- The leadership of the church is committed to obeying the Word by praying for the healing of individuals in the flock (James 5:14-16). Often God will use this prayer to bring healing to His children. But God often says “no” when we ask Him to heal. This even happened to the powerful apostles (2 Tim. 4:20; 1 Tim. 5:23; Gal. 4:13,14). Suffering is an inevitable part of life on a fallen planet. Our world is described as “groaning” and in “bondage to decay” (Rom. 8:21,22). Jesus did not heal every ailing person He encountered and neither does He always heal today through us. When it comes to prayer for healing, it is important to remember that when God chooses not to heal physically, eventual death (physical), in reality, becomes the ultimate healing for the believer.
God is glorified when He heals. God is glorified when He allows us to suffer with hope and dignity. God’s compassion extends to us when He lifts us out of our pain. God’s compassion extends to us when He holds our hand and walks through our pain with us. God bears witness to our hurting world with the conspicuous power of signs and wonders. God bears witness to a hurting world with the quiet power of a holy life. God draws us toward holiness both when He heals us and when He allows us to share the fellowship of His sufferings. – (Banister, The Word and Power Church, p. 154)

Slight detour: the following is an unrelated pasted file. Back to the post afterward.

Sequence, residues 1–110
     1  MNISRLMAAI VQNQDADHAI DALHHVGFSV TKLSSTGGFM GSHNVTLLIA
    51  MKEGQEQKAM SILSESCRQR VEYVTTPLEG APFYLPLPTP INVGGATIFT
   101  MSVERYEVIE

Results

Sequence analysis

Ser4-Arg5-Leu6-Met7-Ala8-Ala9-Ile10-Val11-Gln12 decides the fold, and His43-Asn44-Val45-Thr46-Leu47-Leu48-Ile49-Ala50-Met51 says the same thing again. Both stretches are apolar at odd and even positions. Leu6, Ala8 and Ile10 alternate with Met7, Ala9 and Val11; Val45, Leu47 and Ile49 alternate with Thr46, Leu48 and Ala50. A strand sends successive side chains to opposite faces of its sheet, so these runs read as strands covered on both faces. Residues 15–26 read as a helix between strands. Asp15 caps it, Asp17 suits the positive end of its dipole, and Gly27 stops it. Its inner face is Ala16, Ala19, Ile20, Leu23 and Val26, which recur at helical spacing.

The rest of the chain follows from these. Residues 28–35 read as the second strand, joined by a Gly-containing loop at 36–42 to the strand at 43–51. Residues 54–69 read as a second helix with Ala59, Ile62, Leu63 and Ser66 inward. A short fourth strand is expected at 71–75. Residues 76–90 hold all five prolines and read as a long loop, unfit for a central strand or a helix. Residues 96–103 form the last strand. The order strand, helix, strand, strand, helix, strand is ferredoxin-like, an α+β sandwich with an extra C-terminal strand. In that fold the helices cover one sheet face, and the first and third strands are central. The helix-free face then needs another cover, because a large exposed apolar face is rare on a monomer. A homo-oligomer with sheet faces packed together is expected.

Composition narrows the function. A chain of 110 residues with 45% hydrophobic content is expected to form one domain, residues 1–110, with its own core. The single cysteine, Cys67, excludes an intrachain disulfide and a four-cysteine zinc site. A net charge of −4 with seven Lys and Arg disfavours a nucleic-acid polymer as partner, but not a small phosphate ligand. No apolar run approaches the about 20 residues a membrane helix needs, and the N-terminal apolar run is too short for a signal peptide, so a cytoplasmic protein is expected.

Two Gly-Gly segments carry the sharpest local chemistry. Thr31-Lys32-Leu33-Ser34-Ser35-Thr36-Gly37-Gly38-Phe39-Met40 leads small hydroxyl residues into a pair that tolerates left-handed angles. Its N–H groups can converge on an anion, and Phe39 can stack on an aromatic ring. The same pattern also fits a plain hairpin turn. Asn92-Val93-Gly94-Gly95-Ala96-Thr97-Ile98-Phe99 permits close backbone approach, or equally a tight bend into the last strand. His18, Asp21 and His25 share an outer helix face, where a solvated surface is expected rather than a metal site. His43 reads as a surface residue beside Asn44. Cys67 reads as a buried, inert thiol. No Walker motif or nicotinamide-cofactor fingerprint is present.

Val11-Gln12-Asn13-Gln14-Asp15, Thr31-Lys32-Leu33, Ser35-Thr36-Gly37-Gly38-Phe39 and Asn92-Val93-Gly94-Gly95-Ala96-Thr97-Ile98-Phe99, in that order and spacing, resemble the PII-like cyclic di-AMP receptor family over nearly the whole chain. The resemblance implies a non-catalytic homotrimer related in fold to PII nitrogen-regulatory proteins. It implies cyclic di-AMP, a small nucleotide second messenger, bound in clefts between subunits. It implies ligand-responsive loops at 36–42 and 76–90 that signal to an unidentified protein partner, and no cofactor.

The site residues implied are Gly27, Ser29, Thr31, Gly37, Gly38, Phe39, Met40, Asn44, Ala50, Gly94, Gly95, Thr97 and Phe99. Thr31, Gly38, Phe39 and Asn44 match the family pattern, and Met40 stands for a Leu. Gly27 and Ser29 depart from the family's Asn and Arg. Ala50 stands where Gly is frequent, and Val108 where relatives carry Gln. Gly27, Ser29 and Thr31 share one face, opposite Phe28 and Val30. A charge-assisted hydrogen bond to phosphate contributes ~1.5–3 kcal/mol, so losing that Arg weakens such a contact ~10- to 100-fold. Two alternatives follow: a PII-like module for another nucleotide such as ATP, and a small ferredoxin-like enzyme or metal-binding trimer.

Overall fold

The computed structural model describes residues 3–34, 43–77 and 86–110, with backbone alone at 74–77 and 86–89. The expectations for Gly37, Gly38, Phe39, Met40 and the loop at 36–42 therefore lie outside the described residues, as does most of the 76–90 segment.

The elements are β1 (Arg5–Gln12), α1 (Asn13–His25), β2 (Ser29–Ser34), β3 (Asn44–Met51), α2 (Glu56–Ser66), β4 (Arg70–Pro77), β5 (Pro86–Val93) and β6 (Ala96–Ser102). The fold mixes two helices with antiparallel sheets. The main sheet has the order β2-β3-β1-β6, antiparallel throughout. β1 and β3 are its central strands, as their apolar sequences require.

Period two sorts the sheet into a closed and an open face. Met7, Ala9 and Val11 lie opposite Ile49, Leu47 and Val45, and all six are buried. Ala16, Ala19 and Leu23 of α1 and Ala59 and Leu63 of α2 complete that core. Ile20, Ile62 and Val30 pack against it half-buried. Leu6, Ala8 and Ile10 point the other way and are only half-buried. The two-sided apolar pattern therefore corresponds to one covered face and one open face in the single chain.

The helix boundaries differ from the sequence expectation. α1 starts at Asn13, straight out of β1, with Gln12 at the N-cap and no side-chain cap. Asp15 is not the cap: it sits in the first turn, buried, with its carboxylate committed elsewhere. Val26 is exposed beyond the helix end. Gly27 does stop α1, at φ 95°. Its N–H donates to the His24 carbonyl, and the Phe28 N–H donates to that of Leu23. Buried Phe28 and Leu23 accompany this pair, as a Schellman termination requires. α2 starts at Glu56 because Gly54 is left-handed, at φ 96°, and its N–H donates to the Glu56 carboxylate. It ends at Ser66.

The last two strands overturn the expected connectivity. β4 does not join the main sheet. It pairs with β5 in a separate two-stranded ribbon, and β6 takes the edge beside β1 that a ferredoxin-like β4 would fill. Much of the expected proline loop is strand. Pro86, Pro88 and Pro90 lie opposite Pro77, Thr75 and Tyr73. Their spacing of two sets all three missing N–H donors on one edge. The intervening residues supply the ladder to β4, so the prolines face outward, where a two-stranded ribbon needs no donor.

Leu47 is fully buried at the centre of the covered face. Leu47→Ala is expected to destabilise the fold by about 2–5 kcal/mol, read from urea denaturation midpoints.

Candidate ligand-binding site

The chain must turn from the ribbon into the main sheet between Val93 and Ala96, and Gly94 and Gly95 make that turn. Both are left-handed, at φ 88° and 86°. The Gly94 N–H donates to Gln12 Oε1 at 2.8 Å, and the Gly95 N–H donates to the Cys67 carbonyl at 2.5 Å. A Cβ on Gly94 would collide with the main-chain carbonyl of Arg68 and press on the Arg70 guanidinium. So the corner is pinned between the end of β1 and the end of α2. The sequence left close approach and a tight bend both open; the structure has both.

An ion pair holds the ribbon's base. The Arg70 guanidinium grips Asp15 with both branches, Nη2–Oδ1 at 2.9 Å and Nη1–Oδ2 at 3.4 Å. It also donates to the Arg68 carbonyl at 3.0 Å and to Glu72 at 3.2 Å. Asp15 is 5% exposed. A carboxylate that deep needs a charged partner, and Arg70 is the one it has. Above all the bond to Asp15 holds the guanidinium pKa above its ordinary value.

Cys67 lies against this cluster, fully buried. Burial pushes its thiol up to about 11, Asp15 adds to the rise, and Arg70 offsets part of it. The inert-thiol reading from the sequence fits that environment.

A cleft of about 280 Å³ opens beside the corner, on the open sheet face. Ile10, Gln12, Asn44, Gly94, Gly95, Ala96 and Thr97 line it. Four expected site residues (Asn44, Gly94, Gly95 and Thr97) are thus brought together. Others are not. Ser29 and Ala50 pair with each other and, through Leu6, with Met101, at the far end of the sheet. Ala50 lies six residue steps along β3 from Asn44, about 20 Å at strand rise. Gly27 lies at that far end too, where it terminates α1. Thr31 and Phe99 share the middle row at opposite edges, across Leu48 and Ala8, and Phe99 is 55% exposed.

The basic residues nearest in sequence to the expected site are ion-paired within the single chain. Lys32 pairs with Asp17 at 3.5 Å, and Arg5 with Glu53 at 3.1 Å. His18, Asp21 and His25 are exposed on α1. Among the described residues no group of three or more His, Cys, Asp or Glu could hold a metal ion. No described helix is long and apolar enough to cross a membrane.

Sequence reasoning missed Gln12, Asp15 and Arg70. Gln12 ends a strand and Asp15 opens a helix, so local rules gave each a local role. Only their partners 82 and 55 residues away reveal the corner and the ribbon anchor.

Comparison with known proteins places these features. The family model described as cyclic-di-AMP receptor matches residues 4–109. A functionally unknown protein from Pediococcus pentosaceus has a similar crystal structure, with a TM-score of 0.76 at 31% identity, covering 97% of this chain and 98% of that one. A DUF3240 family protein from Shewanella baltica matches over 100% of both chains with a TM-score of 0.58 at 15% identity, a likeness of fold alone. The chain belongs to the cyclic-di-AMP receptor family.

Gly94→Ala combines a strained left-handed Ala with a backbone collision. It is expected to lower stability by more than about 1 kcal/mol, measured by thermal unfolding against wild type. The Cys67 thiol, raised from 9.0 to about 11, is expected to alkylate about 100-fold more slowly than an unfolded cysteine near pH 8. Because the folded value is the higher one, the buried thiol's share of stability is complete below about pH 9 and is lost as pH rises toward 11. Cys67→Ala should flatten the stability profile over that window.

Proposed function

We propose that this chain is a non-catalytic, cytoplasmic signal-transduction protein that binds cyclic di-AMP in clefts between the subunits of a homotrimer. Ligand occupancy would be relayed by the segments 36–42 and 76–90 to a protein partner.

- We realize that there have been serious abuses, extremes and sensationalism of the miraculous sign gifts in many churches today. But this is no reason to throw them all out. The work of God’s Spirit is always counterfeited by the enemy. The scriptural approach is to learn to discern between true and false prophets. We know that there are many false teachers today. Does that mean we should abandon the gift and practice of teaching because there is the potential for abuse? Of course not. There is potential for abuse and extremism in all the gifts today (giving, administration, leadership, teaching, exhortation, etc.), but we should never abandon any of the gifts because of the fear of abuse.
1 Cor. 13:8 teaches that tongues will be stilled when “perfection” comes. This is one of the key arguments given by some for the ending of tongues with the close of the canon of Scripture at the end of the Apostolic age but many Bible interpreters have concluded that the “perfection” refers to the second coming of Christ and not the close of the canon of Scripture. Verse 10 says that when this happens “we shall see face to face” and “shall know fully.” We believe that these descriptions most likely portrait the return of Jesus in which these things will happen – since that is when we will experience the true “perfection”.
Recommended reading – The Word and Power Church by Doug Banister
*Traditional, historical, orthodox Christian doctrine has called the Holy Spirit a “person” or “entity” from the beginning of the early church…there is One God in Three Persons. But this terminology is understandably confusing to some as we can easily think “human” when we hear the word “person”. Obviously the Holy Spirit has never been, and never will be “human”. But it is technically true and biblical that the Holy Spirit is a person. What we mean by that is that a person (in this case the Holy Spirit) is a living, intelligent being (but not human), with a mind, feelings, and emotions. By person we mean that He is not some impersonal “force” or simply a “personification”, He is a distinct and unique “being”, or “entity”, the third “Person” of the Trinity.